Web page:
WickView’s water delivery system introduces moisture to specimens in an accurate, controlled way. High definition cameras are positioned on either side of the material specimen to record the movement of the moisture. These cameras give full visibility of the test, and use ultraviolet and infrared light to give a good view of the test process, regardless of specimen color or pattern.
WickView is fully supported with a new version of James Heal’s intuitive TestWise software and shows the wicking process in detail. TestWise can calculate a range of 9 metrics including maximum wetted area, area boundary, y axis of spread and wicking speed. Outcomes can be presented visually or in graph format. Analysis of results is easy. Previous tests can be reloaded in to the software and viewed again.
Brückner: increase in production capacity and lower energy costs
A machine extension by another 4 dryer compartments by the textile machine manufacturer Brückner Textile Technologies GmbH & Co. KG, Leonberg/Germany, were installed at the turn of the year 2018/2019 at the specialist for sealing and insulation products Hanno Werk GmbH & Co. KG, Laatzen/Germany. With this depending on the product, the production speed could be increased by 65-100%; the specific gas consumption/m2 of transfer adhesive was reduced by 30%.
In order to increase the energy efficiency of the line, a Brückner Eco-Heat PE 15 air/air heat-recovery system was ordered in addition to the machine extension. The heat-recovery unit uses the exhaust air heat to heat up fresh air. The heated fresh air is fed to the dryer, thus reducing the heating requirement of the dryer.
An inspection of the cross-flow heat exchangers of the heat-recovery system after 12 months of operation has shown that there is no caking of pollutants. Therefore no special cleaning is necessary. Only the outside air filter needs to be cleaned from time to time to prevent pollen and dust from the outside air from entering the production building.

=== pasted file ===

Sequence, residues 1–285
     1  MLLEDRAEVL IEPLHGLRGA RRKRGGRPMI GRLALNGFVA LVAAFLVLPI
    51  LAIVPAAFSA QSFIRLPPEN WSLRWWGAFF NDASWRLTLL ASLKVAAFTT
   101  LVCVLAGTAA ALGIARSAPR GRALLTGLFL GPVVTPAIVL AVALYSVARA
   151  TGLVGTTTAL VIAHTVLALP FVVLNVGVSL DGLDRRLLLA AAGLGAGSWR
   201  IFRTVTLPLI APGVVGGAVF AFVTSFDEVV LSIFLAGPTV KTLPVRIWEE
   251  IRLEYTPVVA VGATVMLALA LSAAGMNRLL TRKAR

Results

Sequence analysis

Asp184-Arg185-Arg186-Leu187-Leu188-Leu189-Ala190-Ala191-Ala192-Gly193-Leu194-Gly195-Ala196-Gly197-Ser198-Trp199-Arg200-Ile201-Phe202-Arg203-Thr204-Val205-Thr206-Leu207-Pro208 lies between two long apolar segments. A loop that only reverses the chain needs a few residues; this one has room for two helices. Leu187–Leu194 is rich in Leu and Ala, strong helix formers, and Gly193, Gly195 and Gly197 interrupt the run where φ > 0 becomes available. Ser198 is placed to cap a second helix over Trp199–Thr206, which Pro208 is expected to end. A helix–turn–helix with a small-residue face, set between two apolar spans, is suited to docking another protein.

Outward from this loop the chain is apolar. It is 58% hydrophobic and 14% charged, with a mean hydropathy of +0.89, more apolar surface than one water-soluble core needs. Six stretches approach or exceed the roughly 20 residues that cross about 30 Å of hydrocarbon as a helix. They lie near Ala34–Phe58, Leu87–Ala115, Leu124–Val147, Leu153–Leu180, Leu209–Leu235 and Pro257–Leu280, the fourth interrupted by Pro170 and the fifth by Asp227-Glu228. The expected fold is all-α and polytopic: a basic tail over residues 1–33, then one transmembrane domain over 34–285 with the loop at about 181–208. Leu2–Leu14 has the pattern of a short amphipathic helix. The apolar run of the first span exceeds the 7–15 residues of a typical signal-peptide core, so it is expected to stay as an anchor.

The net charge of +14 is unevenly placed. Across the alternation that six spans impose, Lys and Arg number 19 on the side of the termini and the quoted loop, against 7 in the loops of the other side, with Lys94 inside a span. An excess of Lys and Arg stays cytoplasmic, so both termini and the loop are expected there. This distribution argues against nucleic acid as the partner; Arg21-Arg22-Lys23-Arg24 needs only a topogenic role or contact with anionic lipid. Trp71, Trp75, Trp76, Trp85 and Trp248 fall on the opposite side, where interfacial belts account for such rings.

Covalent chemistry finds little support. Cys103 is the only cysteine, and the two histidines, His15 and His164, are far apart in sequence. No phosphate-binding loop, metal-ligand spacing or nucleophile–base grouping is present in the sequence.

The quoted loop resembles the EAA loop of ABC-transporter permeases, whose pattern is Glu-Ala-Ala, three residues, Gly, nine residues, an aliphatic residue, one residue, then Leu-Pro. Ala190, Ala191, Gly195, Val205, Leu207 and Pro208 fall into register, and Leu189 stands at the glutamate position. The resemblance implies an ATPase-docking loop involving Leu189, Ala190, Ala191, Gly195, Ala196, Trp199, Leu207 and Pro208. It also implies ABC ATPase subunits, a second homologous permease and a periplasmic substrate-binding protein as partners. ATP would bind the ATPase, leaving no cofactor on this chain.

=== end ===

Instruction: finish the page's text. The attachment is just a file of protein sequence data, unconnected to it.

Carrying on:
The energy saving concept was checked and supervised by an energy consultant EnergiePunkt UG, Hildesheim/Germany. The confirmation by an accredited energy consultant is required in order to receive a subsidy from the KfW Bank for the total costs of the heat-recovery system. This ensures that only sensible heat-recovery concepts benefit from EU subsidies for CO2 avoidance.
ACIMIT: Italian textile machinery orders index closes in decline for 2019
The orders index for Italian textile machinery, drawn up by the Association of Italian Textile Machinery Manufacturers (ACIMIT), Milan/Italy, for the period from October-December (Q4) 2019, showed an 8% decline compared to the same period for 2018.
Orders compiled by Italian machinery manufacturers were in negative figures both abroad and on domestic markets in Italy. An 8% slide was recorded abroad, while the drop in order collection on the domestic market stood at 7%, compared to the Q4/2018.
After a difficult year, the Italian textile machinery sector is looking to 2020 with some degree of concern. There are many unknown factors, both at an economic and political level, that do not appear in the short term to point to a recovery in demand for textile machinery in the major markets of China, Turkey and India.
RadiciGroup: investments in sustainability with recycled polyamide
With Renycle, the manufacturer of synthetic fibers and yarns, RadiciGroup, Grandino/Italy, introduced a range of yarns obtained from recycled polyamide at the Domotex in Hannover/Germany, on January 10-13, 2020. The company also announced the acquisition of the material recovery company Zeta Polimeri, Buronzo/Italy, with 30 years’ experience in the recovery of synthetic fiber and thermoplastics.
Also at the Domotex, RadiciGroup exhibited a number of solutions for the recovered fibers sector, targeted at fashion fabrics, furnishings and automotive applications. These new products are the result of the company’s vertically integrated polyamide production and the synergies among its various business areas, from chemicals to engineering polymers and synthetic yarns.
Renycle offers the capability to produce yarn for the segments of textile flooring, rugs and fitted carpets, as well as fashionwear. Renycle reduces the need for new raw materials of fossil origin and is 100% recyclable at the end of its life.